Sadly, the only difference here was one paragraph break.
So your expectation was one break and the original post has two?
This sounds like we will be hearing more about this WTF and I'm sure the writing style will be sufficient to get the basic WTFness across.
He informs me that it "has to be done today", because this customer has been "calling for weeks" (yet the first ticket for it wasn't opened until Wednesday).
This reminds me of a problem from several years back. I released a change about a week before I was going to be out for a two week vacation. The day before i left, someone called in a bug report caused by the change. They said they needed the problem fixed immediately, because it had their whole operation down, and they'd been "calling about it for months".
"Months"? While I was able to easily reproduce their problem with the updated code, I couldn't reproduce it using the old code. I checked the logs, there was no apparent activity from their system in the span of a year, apart from that day.
They ran an existing service, that the whole company used. How could they not have been in the log files? They were considered quite important, and so had been on the notification list for the change, from the very beginning (you know, the message that said, "I've deployed this update on test box foo, please point your test environment there and test it to make sure it works for you.") Their test box hadn't talked to any of our test boxes in the same time period.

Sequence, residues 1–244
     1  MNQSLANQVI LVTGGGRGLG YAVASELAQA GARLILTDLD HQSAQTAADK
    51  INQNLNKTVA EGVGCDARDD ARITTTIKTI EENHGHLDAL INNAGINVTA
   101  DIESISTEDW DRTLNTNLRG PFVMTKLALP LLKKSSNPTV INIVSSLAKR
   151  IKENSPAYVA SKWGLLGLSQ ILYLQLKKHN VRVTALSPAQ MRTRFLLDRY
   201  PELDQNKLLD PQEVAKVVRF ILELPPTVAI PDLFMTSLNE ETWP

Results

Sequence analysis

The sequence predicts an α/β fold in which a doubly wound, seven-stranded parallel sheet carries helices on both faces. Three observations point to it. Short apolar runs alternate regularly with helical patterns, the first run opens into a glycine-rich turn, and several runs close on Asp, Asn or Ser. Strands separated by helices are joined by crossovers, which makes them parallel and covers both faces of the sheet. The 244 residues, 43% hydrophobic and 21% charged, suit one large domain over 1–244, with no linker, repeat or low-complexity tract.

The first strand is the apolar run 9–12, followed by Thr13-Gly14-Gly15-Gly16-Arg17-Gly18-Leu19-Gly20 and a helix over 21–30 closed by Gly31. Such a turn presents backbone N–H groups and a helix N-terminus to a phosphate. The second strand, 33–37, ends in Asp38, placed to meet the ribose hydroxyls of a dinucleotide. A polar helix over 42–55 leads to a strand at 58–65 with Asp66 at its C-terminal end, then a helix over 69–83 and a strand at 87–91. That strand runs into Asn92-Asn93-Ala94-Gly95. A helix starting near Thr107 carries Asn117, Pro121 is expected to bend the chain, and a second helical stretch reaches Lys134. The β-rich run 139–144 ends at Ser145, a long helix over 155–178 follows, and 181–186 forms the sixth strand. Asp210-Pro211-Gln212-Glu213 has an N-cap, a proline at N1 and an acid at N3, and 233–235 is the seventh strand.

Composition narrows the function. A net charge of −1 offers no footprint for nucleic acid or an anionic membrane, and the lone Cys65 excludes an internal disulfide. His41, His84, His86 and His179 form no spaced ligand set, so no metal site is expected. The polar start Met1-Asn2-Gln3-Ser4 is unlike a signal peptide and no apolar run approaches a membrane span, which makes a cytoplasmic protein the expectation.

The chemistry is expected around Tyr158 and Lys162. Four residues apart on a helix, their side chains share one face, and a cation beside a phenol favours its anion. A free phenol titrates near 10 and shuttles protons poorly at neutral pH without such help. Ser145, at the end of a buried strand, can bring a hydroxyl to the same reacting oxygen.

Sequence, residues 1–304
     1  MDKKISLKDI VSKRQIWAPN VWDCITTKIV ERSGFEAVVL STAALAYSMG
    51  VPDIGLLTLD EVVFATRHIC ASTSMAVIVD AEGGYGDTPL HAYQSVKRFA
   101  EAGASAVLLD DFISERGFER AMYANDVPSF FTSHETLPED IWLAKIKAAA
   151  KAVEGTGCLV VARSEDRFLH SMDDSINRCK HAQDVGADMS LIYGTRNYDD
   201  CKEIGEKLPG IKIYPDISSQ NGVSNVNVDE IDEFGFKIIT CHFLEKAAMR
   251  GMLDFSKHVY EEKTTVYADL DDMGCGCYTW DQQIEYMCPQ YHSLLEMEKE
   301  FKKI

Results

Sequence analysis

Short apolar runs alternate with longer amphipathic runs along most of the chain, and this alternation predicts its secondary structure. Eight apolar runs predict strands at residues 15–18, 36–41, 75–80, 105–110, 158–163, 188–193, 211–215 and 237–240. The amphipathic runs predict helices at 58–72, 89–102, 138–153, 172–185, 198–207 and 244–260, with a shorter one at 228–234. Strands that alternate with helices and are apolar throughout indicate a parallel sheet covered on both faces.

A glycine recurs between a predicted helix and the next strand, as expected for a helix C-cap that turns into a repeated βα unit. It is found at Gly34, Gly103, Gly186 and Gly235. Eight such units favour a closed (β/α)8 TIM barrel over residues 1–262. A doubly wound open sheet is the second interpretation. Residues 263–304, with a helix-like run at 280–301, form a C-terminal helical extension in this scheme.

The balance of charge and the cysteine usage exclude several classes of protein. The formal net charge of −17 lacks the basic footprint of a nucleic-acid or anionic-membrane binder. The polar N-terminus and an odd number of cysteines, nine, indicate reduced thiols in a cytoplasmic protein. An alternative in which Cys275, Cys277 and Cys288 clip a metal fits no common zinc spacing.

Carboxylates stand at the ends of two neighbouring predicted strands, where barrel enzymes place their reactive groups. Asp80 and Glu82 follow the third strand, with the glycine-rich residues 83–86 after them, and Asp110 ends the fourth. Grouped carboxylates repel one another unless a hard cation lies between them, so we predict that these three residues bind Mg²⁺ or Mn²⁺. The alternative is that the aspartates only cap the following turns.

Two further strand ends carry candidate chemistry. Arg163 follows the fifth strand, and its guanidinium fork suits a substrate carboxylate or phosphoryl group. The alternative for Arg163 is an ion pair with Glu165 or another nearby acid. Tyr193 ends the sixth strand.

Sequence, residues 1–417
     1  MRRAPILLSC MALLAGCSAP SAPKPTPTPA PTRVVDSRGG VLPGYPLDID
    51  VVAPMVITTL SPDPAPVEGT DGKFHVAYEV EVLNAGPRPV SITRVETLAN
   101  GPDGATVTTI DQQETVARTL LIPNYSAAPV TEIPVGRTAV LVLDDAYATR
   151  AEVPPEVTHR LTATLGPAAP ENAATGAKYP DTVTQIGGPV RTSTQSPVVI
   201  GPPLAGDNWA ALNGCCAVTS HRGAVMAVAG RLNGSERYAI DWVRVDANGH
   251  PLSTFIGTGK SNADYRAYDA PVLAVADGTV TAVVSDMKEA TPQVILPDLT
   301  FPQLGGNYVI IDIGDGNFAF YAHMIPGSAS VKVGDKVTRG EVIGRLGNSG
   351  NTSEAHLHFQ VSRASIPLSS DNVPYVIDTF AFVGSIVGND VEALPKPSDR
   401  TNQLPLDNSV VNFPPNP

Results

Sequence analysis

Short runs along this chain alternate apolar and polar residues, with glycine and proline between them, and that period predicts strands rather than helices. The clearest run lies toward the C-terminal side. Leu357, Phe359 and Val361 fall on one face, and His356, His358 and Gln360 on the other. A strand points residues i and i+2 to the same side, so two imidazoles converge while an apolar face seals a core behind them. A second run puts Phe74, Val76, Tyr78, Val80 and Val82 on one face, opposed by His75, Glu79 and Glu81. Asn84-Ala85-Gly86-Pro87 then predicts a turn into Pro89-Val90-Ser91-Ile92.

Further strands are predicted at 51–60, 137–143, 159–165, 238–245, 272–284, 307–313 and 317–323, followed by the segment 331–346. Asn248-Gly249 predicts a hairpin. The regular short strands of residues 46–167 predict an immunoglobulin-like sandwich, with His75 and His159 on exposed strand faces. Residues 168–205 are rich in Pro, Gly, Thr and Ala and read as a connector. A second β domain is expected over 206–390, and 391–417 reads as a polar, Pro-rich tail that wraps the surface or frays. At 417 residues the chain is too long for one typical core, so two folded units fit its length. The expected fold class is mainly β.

I didn't want to update our code that day, because deploying a code update the day before a vacation is asking for problems. The update was working for a bunch of people who had tested early and thanked us for the new functionality. As such, I was reluctant to back out the change. They were really pushing to get a fix out that day, so one of my coworkers tried working up a fix. Unfortunately, he wasn't familiar with that code, and his fix would've broken things for a lot of other people. Actually, that wasn't surprising, I didn't think *I* could've worked up a real fix in the time given either.
Fortunately, just before I left for the day, somebody else from the team complaining about the issue responded to the thread, saying that the code which was having an issue with the update was *supposedly* deployed months ago, but he checked the system and found it had actually been deployed that morning, without any change control process whatsoever - it didn't even grace their test box. He had fixed the issue by issuing a revert command to their version control system, as the offending code hadn't even been checked in.
The original person complaining about the issue replied back saying that the guy who 'fixed' the issue just lost man-months of work, because that code didn't exist anywhere else, as he'd exited out of his editor. The end of the story got even better, as that reply email helped justify getting rid of the guy. (No, the code wasn't actually lost, as the fixer made *four* copies of it before reverting: one to their test environment, one to his home directory, one to his laptop, and one to his USB drive.) The bug in my code was fixed about a month later, over six months before anybody actually used it for real.
This reminds me of a problem from several years back.Front page material, IMO. It hits squarely on the fact that we're not always at fault for issues, but we're suddenly responsible for fixing them.